As darkness slipped across the city like jell-o across an ice rink the night sprang to life with all manner of people and creatures; the big, the small, the slimy, the significant, the beautiful, the strange and the utterly confused. With a flourish Imagination stepped out of a shabby apartment building. He looked around with a smug satisfaction before turning down a particularly dark and dank alley where no one of sound mind would ever venture alone.
In predictable fashion out from the shadows slinked a nefarious individual with malice on it’s mind. The dark creature didn’t wait on anything, didn’t hesitate because it thrived on the instantaneous, on the need for gratification at the speed of light. A blade flashed and Imagination found himself on the ground in an ever expanding pool of blood as the creative catalyst of the world seeped across a dark alley in the middle of the City of Nowhere.
Maybe I’m being overly dramatic. Of course Imagination isn’t completely dead. If it was this would be a boring and non-existent blog post. I have three children, aged 2, 4 and 7. For the past five years I’ve worked at an arts college, first in marketing and then as a student advisor. I remember having imaginary friends when I was a kid, I remember making up stories and playing pretend. The combination of having my own children and working with post secondary students has made me realize that Imagination isn’t what it used to be.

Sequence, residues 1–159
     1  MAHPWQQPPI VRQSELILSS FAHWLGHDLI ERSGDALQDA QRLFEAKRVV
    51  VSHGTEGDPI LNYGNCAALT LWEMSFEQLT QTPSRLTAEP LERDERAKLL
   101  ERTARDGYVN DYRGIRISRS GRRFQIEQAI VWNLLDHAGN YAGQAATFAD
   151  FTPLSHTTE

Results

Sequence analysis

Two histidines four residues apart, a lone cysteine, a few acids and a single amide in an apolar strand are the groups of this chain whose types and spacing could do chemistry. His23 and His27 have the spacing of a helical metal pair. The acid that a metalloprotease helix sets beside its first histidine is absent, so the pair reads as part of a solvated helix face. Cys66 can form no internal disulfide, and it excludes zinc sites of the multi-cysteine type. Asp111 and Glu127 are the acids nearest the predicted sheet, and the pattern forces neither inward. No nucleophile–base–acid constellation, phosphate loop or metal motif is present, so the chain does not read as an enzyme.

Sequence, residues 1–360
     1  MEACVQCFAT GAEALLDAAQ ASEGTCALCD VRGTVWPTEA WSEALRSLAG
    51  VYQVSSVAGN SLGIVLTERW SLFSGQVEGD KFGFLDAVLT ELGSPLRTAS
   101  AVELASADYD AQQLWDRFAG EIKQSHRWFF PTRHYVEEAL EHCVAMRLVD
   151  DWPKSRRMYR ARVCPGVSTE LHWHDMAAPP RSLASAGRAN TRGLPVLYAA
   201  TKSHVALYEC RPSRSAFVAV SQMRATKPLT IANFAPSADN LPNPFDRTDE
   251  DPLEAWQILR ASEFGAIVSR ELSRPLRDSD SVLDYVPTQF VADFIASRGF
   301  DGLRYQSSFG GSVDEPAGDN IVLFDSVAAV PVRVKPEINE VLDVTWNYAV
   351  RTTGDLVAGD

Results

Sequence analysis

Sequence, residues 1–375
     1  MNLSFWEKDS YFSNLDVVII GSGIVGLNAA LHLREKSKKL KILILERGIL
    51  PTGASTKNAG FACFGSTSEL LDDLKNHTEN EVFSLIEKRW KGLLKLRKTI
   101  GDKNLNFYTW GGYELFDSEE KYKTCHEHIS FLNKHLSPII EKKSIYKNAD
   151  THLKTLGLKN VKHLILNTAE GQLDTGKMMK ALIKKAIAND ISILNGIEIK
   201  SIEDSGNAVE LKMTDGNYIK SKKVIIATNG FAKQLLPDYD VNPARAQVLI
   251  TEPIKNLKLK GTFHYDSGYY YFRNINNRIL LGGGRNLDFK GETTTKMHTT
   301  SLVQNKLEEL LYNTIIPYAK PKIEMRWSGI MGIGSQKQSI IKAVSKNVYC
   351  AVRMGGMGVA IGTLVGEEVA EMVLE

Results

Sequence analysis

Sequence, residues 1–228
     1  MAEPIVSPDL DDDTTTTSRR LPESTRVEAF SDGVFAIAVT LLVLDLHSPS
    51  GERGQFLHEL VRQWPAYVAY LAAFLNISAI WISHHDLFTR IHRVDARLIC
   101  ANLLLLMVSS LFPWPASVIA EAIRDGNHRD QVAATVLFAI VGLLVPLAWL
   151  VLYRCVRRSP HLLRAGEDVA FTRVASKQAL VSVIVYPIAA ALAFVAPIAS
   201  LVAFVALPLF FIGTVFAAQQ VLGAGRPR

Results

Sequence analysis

Why is this? It’s actually a simple answer, the world changed. Blink, and you missed it.
While this makes me sound a lot like my granddad it begs to be explained: Growing up we didn’t have high powered computers (my first one used cassette tapes to load games), or cell phones, or the internet! Everything now is instantaneous, at your finger tips, right now, yesterday, before you’ve even thought of something, it’s already been developed, downloaded and given to you! And because of this development the next generation expects everything presented to them. In educational institutions they’re calling it the ‘Generation of Entitlement’.
The misfortune we’re about to discover in around ten to twenty years (if my highly conceptualized formulas are correct…despite failing math in high school) is a severe decline in Imagination. If you can live different lives through computer games, if you don’t need to interact socially thanks to the internet, if your future career goals are determined by standardized testing then why bother thinking at all?
While imagination won’t be dead…it’s probably going to be living on a hefty life support system (which will be supported by several apps…available from the itunes store).
We’ll have to agree to meet back here in fifteen years to see if it’s true. Bring cookies.